Four years on from the launch of Australia’s IBD National Action Plan, patients still face issues such as access to multidisciplinary care and tests and treatments for the disease, according to patient advocates.
A national meeting convened in Melbourne on 3 November by Crohn’s and Colitis Australia (CCA) and AbbVie Australia heard there was a need to further action to implement the recommendation in the IBD National Action Plan that was developed in 2019.
“The vision for the Government’s IBD National Action Plan was for all Australians living with inflammatory bowel disease to have access to high quality, integrated care. Whilst we have made advances in a number of areas, there is still significant work to be done,” said Leanne Raven, CEO of Crohn’s and Colitis Australia.
Ms Raven, who contributed to the Action Plan, said another recent global IBD report had highlighted ongoing unmet areas of need for people with IBD that include multidisciplinary team care and patient-centric care.
“IBD is one of a number of complex chronic diseases which require specialist care and have a significant impact on the health system. Effective solutions with the potential to enhance care pathways and improve patients’ quality of life exist, but achieving this requires a dedicated commitment to system change,” said Ms Raven
Led by a gastroenterologist, the MDT would include specialist nurses, who ensure continuity of care, as well as dieticians, colorectal surgeons, psychologists, pharmacists and administration staff “to help manage the often complex treatment and care pathways required for the effective management of IBD,” she said
“Despite emphasising its significance in the IBD National Strategic Action Plan three years ago, the availability of a skilled and accessible multidisciplinary workforce who can care for the many facets of IBD remains a challenge,” said Ms Raven.
“The pandemic has resulted in significant workforce attrition and difficulty recruiting nursing staff for IBD programs,” she noted in the recent report.
Her call was endorsed by Associate Professor Greg Moore, Head of IBD at Monash Health, who said: “IBD is complex and warrants personalised clinical care from a variety of healthcare professionals whose collective input can improve the quality and speed of decision-making, limit adverse events, improve patient outcomes, and both patient and provider satisfaction.”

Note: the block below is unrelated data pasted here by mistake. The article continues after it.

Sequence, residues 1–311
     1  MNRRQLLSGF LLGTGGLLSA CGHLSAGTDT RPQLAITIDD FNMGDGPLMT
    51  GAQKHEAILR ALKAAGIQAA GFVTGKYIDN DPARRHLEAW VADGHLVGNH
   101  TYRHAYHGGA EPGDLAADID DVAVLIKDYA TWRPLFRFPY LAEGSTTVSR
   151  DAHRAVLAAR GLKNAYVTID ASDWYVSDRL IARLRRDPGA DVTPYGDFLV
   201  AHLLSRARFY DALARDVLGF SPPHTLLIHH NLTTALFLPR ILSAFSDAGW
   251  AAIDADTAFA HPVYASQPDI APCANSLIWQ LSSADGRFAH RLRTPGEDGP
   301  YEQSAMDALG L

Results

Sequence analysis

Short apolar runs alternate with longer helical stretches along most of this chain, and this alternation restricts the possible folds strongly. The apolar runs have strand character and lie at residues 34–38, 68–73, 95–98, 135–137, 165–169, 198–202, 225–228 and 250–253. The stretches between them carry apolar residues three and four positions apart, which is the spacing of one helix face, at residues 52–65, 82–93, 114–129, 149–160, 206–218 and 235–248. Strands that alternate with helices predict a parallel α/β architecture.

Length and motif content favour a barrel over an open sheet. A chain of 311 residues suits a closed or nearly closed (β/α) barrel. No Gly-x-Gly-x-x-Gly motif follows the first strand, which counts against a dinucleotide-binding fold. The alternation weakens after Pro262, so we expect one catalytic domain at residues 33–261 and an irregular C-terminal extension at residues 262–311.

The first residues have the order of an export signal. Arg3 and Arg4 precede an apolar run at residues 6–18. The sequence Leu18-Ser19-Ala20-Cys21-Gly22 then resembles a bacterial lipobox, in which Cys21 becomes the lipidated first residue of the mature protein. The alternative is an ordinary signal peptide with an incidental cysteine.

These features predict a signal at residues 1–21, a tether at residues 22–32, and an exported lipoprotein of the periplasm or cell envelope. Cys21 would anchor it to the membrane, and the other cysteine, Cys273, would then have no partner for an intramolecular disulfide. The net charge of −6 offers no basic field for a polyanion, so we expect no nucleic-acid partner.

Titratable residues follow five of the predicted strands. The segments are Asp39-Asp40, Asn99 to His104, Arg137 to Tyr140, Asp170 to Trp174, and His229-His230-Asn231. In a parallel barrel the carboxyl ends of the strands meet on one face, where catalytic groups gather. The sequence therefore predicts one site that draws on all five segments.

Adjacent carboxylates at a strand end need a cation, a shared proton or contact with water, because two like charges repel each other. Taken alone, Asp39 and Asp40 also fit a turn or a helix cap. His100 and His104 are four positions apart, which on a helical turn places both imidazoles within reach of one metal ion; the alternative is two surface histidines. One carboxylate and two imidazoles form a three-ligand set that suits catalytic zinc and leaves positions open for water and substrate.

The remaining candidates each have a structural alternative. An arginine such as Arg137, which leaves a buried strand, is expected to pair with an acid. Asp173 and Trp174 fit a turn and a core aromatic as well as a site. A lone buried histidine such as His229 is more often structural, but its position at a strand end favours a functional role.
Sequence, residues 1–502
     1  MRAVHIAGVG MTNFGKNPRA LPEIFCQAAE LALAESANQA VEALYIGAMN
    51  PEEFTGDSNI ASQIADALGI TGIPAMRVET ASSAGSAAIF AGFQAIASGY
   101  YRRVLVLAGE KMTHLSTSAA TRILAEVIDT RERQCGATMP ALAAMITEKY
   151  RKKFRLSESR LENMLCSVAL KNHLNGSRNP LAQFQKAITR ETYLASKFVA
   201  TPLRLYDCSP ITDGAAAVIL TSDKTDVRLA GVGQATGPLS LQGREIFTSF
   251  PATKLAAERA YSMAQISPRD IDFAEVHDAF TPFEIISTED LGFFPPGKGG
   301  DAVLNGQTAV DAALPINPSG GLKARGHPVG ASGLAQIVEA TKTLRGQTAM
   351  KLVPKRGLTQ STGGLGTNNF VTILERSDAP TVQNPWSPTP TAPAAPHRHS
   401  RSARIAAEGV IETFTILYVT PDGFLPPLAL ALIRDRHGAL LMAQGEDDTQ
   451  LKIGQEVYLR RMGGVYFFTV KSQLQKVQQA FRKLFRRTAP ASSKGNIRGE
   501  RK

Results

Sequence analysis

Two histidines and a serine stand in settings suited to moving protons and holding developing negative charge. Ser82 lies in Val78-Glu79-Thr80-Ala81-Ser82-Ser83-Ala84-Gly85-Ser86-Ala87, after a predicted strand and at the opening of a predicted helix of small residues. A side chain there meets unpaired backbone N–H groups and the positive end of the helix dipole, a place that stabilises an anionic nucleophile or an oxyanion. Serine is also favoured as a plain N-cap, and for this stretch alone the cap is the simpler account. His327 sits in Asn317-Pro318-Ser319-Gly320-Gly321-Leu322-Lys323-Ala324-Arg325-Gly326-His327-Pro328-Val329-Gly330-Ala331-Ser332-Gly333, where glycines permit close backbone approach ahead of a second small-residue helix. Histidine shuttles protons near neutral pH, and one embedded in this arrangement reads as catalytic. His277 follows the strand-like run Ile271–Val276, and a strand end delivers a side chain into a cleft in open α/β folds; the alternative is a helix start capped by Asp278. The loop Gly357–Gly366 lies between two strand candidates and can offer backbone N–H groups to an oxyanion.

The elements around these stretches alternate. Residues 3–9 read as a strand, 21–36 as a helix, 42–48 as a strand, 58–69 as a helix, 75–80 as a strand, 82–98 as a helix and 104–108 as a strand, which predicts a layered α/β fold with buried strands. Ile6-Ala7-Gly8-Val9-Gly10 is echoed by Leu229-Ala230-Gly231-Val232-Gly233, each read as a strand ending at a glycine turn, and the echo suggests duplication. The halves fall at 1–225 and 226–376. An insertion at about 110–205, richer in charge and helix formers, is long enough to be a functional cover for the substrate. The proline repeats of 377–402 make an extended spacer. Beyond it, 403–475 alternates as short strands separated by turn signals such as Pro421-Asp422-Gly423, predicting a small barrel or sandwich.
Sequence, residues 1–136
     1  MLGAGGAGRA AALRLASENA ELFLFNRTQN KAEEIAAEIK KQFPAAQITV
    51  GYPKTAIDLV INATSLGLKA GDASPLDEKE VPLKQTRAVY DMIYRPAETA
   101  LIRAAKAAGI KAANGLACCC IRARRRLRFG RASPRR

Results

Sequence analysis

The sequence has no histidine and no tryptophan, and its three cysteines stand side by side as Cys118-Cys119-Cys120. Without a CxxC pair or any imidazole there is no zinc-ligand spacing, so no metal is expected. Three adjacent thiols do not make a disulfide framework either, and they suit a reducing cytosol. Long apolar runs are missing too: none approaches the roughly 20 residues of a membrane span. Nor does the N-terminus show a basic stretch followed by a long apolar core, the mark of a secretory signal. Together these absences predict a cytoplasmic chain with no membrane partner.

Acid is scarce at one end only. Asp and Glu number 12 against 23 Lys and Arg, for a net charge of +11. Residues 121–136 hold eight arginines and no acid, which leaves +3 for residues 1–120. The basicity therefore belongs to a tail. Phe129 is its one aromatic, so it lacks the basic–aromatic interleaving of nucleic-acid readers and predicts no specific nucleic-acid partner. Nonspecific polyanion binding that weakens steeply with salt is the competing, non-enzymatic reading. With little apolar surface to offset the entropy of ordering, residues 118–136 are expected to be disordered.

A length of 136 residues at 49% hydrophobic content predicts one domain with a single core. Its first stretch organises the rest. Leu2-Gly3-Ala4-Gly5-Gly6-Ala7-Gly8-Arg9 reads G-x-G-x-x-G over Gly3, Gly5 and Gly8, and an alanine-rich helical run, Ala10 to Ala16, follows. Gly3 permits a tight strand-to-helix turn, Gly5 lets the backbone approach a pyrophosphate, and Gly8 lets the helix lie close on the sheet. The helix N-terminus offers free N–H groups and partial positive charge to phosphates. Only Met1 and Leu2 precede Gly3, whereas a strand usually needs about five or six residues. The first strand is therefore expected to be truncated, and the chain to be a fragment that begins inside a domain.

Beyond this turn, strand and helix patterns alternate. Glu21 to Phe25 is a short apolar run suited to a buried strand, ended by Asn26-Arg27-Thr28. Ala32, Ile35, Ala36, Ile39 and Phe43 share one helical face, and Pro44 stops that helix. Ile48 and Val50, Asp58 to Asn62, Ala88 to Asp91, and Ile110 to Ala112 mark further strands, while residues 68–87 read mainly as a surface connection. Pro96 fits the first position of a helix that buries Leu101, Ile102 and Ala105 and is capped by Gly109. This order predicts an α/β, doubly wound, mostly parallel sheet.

Ms Raven said other recommendations from the global report included facilitating speedy diagnosis and specialist referral, improving access to novel treatments, and supporting innovations in treatment and monitoring
She highlighted the efforts of stakeholders in Australia in making the home-based faecal calprotectin test accessible for screening patients with possible IBD. Faecal calprotectin testing was added to the Medicare Benefits Schedule in 2021 as a screening test for selected patients.
GESA has submitted a further application for an MBS item for the faecal calprotectin test in monitoring of IBD patients, which is being considered by the Medicare Services Advisory Committee (MSAC).
According to the GESA application, a faecal calprotectin result in a patient with IBD “offers gastroenterologists important information on disease activity allowing for timely adjustment to therapy (escalation, continuation or de-escalation). In addition, it can provide valuable insights into prognosis.”
The application notes that recent meta-analyses demonstrate a high specificity and sensitivity for faecal calprotectin to detect mucosal healing and disease activity in IBD, and normalisation of faecal calprotectin has also been shown to be associated with reduced risk of disease progression. There is also is a large body of data supporting the utility of faecal calprotectin in predicting relapse, to assist in de-escalation of therapy, and monitoring for post-operative recurrence.
“This application directly supports the findings of the Australian Government’s Inflammatory Bowel Disease National Action Plan 2019 which documented the most important short to medium term actions that will impact the improvement of quality of care for people living with IBD in Australia. Priority area 7 promotes the use of faecal calprotectin which “in the IBD clinical management setting … can assist in monitoring relapse and response of current treatment type and as a surrogate marker of mucosal healing or post-operative recurrence,” the GESA submission states.
The application will be considered by a MSAC subcommittee in December 2023.